Do you know what “degloved face” means?
A degloved face is a type of degloving injury in which the skin and soft tissues of the face are torn away from the underlying bones and muscles. This can cause significant damage, loss of function, and severe cosmetic defects.
A degloved face is a severe type of damage that can occur in car accidents, falls from great heights, or industrial mishaps. These injuries frequently necessitate immediate medical attention, including surgery, in order to repair the damage and restore function to the affected area.
It occurs when the skin and soft tissues are forcefully separated from the underlying tissue, leaving the affected areas stripped of their top layer of skin. These types of injuries can be extremely serious and potentially life-threatening, as they can result in significant blood loss and damage to the surrounding tissues.
In this section, we’ll look at the causes, symptoms, and treatment options for degloved face injuries. We’ll also go over how to avoid this type of injury and what to do if you or someone you know is involved in a degloving accident.
Pathophysiology of Injury
The layers of skin involved in a degloving injury are typically the top layer, known as the epidermis, and the layer beneath it, known as the dermis. The blood supply to these layers is critical for the survival of the tissues, as the blood vessels provide oxygen and nutrients that are necessary for healing.
Types of Degloved Injuries
Degloving injuries are classified into two types:
- Closed degloving injury occurs when the skin and soft tissue are pulled away from the underlying bone or muscle while the overlying skin remains intact. Closed degloving injuries are most common in locations where the skin is only loosely attached to the underlying tissue, such as the thigh, buttock, or back.
Closed degloving injuries, which occur when the skin is partially separated from the underlying tissue but remains intact, can also be a serious concern. These injuries can cause a condition known as a Morel-Lavallee lesion, which is a buildup of fluid between the skin and underlying tissues. If left untreated, this can lead to infection and other complications.
2. Open degloving injury: When the skin and soft tissue are entirely pulled away from the underlying bone or muscle, an open wound results. Injuries from open degloving are common where the skin is tightly attached to the underlying tissue, such as the hand, foot, or face.
The affected areas of a degloving injury can vary depending on the location of the trauma. For example, degloving injuries to the face can cause significant damage to the skin and soft tissue of the cheeks, nose, and forehead. Injuries to the arms or legs can affect larger areas of skin and soft tissue, potentially causing damage to muscles and bones as well.
Causes of a Degloved Face
A vehicle accident, particularly a car or motorbike crash, is one of the most prevalent causes of a degloved face, especially if the rider is not wearing a helmet if the impact is aimed towards the face. This type of injury can also be caused by workplace accidents, sports injuries, animal attacks, physical assaults, and natural calamities.
Signs and Symptoms of Degloved Face
Severe pain, swelling, and bleeding at the site of injury, loss of skin color, texture, and sensation in the affected area, exposure of bones, muscles, or organs that should be covered by skin, impaired vision, hearing, or breathing if the face is affected, difficulty speaking, eating, or drinking due to the facial nerve or muscle damage, and infection risk, if the wound is not treated promptly and properly, are all symptoms of a degloved face.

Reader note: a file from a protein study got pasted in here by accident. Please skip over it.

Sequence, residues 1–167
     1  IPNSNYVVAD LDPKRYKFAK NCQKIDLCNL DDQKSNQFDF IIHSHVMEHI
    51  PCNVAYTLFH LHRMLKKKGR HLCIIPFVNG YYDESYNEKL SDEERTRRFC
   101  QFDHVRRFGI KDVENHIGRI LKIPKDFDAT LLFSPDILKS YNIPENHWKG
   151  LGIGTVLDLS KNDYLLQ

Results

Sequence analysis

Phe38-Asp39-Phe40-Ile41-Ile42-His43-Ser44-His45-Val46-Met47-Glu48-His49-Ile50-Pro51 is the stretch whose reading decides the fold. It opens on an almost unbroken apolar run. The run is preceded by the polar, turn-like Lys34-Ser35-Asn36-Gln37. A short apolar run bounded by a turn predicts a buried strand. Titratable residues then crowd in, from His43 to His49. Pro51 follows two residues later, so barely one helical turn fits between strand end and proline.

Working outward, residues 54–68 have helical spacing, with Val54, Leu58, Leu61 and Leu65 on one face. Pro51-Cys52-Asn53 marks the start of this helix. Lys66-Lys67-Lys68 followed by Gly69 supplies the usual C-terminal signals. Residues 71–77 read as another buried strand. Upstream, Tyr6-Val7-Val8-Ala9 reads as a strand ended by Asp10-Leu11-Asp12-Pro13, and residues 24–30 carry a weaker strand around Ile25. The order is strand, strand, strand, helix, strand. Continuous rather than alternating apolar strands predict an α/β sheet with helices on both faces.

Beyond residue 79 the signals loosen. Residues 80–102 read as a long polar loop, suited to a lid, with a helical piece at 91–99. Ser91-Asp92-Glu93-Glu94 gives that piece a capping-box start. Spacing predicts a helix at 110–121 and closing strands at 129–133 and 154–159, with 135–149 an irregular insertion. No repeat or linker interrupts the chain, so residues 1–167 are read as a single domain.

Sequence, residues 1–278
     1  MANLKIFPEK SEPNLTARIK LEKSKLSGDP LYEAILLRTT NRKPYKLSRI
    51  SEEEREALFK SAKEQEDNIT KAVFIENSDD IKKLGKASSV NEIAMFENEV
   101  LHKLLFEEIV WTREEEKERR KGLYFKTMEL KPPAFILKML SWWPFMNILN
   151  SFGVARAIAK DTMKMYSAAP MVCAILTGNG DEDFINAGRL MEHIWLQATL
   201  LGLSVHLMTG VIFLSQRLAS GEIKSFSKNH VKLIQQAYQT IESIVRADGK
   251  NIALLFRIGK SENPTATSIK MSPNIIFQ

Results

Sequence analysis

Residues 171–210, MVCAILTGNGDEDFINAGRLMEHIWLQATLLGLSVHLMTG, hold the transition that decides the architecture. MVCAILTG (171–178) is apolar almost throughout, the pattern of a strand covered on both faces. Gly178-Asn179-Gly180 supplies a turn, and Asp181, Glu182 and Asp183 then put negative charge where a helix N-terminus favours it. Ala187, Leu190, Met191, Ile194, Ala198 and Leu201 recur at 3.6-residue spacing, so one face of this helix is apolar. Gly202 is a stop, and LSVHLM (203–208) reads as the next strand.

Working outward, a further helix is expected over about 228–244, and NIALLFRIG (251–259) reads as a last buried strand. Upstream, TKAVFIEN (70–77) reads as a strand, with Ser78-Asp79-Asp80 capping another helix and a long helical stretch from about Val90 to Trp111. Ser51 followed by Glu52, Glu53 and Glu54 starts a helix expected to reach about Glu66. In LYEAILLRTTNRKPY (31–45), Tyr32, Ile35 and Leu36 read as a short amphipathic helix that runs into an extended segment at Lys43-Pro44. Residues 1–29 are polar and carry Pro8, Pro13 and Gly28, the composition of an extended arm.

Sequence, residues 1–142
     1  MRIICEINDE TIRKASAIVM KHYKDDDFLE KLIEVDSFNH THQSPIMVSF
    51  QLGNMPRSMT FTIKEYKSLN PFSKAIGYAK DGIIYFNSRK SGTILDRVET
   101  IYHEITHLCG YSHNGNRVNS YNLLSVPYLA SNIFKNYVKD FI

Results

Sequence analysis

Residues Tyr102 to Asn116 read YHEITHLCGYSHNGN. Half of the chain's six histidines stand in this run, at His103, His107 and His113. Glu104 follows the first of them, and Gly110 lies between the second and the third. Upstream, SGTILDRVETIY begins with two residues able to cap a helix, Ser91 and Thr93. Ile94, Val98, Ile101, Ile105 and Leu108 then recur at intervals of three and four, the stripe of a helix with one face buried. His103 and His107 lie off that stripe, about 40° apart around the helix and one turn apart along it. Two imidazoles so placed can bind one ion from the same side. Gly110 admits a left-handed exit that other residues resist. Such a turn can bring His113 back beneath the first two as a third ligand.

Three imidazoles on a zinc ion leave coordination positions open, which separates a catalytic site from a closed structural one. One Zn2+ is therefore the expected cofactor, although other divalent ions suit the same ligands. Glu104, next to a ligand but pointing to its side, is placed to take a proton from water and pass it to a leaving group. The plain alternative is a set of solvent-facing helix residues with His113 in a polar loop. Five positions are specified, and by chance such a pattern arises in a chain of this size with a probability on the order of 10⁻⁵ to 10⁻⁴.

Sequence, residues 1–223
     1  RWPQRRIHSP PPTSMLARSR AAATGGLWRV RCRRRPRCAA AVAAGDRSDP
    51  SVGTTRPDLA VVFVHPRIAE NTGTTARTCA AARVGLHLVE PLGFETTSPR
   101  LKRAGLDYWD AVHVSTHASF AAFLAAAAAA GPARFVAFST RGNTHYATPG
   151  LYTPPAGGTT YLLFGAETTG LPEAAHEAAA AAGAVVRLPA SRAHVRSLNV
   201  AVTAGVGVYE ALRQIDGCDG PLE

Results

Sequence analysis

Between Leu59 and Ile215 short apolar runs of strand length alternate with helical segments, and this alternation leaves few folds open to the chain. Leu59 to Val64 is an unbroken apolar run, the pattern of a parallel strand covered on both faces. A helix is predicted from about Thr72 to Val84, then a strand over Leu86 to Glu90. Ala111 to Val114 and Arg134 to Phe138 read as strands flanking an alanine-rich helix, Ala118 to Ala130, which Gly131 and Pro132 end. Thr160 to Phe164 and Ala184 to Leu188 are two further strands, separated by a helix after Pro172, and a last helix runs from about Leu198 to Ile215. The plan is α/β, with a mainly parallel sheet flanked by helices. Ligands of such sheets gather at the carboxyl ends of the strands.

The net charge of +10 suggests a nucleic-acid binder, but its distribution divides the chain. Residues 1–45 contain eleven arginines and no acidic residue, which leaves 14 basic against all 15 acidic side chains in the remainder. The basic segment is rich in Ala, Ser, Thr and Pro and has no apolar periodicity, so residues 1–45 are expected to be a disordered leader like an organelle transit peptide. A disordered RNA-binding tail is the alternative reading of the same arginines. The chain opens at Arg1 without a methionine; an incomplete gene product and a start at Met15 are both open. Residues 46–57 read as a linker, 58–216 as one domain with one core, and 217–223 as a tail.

If you feel that someone you know has a degloving injury, get emergency medical assistance right once. To determine the extent and location of the damage, a doctor or trauma team will perform a comprehensive physical exam, review the medical history and circumstances of the incident, and request diagnostic procedures such as X-rays, CT scans, or MRI scans.
Treatment of a Degloved Face
Treatment for degloving injuries typically involves a surgical intervention to repair the damaged tissues. Depending on the severity of the injury, skin flaps or skin grafts may be necessary to restore the affected areas. Skin flaps involve taking healthy tissue from one area of the body and relocating it to the damaged area to provide coverage and promote healing. Skin grafts, on the other hand, involve taking a section of skin from one area of the body and transplanting it to the damaged area.
Prevention of Degloving Injuries
When it comes to degloved face injuries, prevention is everything. Wearing appropriate personal protective equipment (PPE) such as helmets, face shields, goggles, gloves, or boots when working, playing, or riding, adhering to safety guidelines and procedures at your workplace, school, or recreational facility, avoiding risky behaviors such as driving under the influence, speeding, or texting while driving, teaching children about the importance of safety and supervision around animals, playgrounds, or pools, and seeking prompt medical attention for any injuries, especially if they involve the face or head.
To summarise, degloved face injuries are serious and potentially fatal, but they can be avoided by taking the necessary precautions and according to safety recommendations. If you or someone you know suffers a degloving injury, get emergency medical assistance right once to maximize recovery and reduce the risk of complications. Keep yourself and your loved ones safe and healthy!
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